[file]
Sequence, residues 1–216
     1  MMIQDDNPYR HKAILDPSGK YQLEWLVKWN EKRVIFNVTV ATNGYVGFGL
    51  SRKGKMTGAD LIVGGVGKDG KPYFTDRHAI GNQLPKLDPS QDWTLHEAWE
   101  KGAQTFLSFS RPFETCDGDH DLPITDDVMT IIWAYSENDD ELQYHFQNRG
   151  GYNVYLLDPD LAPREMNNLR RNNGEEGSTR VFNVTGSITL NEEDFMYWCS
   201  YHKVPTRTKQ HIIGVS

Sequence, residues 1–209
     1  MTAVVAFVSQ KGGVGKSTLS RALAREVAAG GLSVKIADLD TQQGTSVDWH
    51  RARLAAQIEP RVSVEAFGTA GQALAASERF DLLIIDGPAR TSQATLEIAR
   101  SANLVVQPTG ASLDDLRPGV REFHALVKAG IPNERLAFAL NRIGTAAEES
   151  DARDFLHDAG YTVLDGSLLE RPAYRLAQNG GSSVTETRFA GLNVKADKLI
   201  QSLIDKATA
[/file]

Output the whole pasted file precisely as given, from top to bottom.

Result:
Sequence, residues 1–216
     1  MMIQDDNPYR HKAILDPSGK YQLEWLVKWN EKRVIFNVTV ATNGYVGFGL
    51  SRKGKMTGAD LIVGGVGKDG KPYFTDRHAI GNQLPKLDPS QDWTLHEAWE
   101  KGAQTFLSFS RPFETCDGDH DLPITDDVMT IIWAYSENDD ELQYHFQNRG
   151  GYNVYLLDPD LAPREMNNLR RNNGEEGSTR VFNVTGSITL NEEDFMYWCS
   201  YHKVPTRTKQ HIIGVS

Sequence, residues 1–209
     1  MTAVVAFVSQ KGGVGKSTLS RALAREVAAG GLSVKIADLD TQQGTSVDWH
    51  RARLAAQIEP RVSVEAFGTA GQALAASERF DLLIIDGPAR TSQATLEIAR
   101  SANLVVQPTG ASLDDLRPGV REFHALVKAG IPNERLAFAL NRIGTAAEES
   151  DARDFLHDAG YTVLDGSLLE RPAYRLAQNG GSSVTETRFA GLNVKADKLI
   201  QSLIDKATA